Newscasts

PNS Daily Newscast - April 19, 2018 


A contentious Farm Bill heads to U.S. House for debate. Also on our rundown: Gaps cited in anti-discrimination protections for small-business employees and nonprofit volunteers; plus power out for much of Puerto Rico; and some warning signs, that increased youth activism may not correspond to voter turnout.

Daily Newscasts

State Regulators Consider Terminating Offshore Oil Lease Near Ventura Today

The State Lands Commission votes today on whether to terminate an oil lease off the coast of Santa Barbara and Ventura. (MSR Photo/iStockphoto)
The State Lands Commission votes today on whether to terminate an oil lease off the coast of Santa Barbara and Ventura. (MSR Photo/iStockphoto)
August 9, 2016

VENTURA, Calif. - State regulators are voting today on whether to terminate the lease on an aging oil facility just off the coast between Ventura and Santa Barbara. The rigs on Rincon Island haven't produced oil or gas since 2008.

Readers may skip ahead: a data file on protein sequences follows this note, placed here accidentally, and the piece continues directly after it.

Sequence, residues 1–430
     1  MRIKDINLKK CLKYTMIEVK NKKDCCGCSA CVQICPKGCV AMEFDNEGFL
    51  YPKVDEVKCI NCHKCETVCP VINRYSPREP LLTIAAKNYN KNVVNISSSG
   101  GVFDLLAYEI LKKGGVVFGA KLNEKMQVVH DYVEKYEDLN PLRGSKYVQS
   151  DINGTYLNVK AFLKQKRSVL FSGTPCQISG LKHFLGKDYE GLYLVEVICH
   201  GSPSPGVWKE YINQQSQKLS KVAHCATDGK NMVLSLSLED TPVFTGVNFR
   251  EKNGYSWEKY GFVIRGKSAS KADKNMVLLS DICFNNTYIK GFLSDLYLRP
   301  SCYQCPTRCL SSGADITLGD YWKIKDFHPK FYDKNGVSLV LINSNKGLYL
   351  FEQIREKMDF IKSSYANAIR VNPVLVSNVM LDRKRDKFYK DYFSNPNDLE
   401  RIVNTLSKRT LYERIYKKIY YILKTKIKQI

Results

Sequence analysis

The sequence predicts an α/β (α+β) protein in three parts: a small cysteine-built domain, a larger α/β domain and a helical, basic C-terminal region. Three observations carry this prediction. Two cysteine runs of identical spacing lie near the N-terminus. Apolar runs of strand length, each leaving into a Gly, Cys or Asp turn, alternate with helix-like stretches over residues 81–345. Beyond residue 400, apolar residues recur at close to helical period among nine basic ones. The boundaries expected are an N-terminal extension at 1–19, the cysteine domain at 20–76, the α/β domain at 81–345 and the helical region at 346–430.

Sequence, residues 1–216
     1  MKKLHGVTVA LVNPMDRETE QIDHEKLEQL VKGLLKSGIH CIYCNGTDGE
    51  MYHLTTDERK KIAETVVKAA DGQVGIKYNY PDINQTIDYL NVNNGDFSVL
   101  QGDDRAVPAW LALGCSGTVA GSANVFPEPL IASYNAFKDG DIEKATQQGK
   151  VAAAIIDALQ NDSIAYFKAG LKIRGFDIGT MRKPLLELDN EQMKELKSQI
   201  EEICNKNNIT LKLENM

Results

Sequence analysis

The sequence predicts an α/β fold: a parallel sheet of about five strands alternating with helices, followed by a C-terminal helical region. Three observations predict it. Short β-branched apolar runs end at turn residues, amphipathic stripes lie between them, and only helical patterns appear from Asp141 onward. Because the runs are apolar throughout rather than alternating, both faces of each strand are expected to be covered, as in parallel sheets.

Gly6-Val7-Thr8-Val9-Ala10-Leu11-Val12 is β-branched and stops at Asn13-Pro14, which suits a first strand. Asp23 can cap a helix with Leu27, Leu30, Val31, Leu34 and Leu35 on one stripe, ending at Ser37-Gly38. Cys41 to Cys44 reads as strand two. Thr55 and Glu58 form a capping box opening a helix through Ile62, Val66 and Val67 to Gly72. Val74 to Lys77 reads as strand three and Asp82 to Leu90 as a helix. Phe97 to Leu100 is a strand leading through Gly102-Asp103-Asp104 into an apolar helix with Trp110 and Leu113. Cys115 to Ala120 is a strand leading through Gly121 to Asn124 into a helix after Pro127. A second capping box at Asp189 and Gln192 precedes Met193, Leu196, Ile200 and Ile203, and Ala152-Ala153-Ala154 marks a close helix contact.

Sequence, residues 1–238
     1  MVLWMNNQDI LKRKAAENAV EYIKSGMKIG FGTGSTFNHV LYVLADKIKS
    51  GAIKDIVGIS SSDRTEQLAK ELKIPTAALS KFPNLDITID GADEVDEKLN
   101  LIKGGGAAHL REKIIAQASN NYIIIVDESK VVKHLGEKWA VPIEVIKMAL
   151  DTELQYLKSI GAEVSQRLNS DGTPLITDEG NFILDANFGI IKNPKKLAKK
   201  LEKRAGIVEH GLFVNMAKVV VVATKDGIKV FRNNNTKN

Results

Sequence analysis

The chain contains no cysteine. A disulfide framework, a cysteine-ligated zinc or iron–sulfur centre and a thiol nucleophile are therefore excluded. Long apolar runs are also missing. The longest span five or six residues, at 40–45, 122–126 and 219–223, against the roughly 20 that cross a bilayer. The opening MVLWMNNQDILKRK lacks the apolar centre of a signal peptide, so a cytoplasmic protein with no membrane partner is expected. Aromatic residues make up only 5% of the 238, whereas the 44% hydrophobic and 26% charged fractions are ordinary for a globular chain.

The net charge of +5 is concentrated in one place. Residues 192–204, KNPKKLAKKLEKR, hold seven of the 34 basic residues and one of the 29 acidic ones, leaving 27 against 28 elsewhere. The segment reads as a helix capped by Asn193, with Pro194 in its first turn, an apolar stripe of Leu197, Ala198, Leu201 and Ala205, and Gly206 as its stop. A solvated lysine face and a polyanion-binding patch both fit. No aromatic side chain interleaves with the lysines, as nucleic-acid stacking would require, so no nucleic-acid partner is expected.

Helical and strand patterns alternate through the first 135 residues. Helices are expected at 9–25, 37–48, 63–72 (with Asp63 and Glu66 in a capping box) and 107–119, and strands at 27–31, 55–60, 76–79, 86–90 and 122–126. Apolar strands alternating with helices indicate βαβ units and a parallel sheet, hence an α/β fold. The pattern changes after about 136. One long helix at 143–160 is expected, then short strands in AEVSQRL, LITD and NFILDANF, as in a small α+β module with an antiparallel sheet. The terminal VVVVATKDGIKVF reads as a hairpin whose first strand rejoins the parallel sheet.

Don Drysdale, spokesman for the California Department of Conservation, which includes the Division of Oil, Gas and Geothermal Resources, said the agency cited the Rincon Island Limited Partnership four months ago for severely corroded pipes and valves.

"With respect to Rincon Island we issued an order to the operators back in April," he said. "They have not complied fully with those orders."

Greka Integrated, which owns the Rincon Island Limited Partnership, did not respond to a request for comment. The State Lands Commission meets today at 11 a.m. in San Pedro to vote on this issue.

State Senator Hannah-Beth Jackson sent a letter to the Lands Commission asking that the lease be terminated, and said the current situation is a disaster waiting to happen.

"They have been warned of the circumstances surrounding the potential natural increase in well pressure, which has caused oil to flow without mechanical assistance," he added. "It poses an increased risk of oil spills."

A major oil spill in May 2015 in Refugio, just north of Santa Barbara, was blamed on corroded pipes owned by a different company called Plains All American. That spill dumped almost 143,000 gallons of oil onto the coastline.

Suzanne Potter/Shaine Smith, Public News Service - CA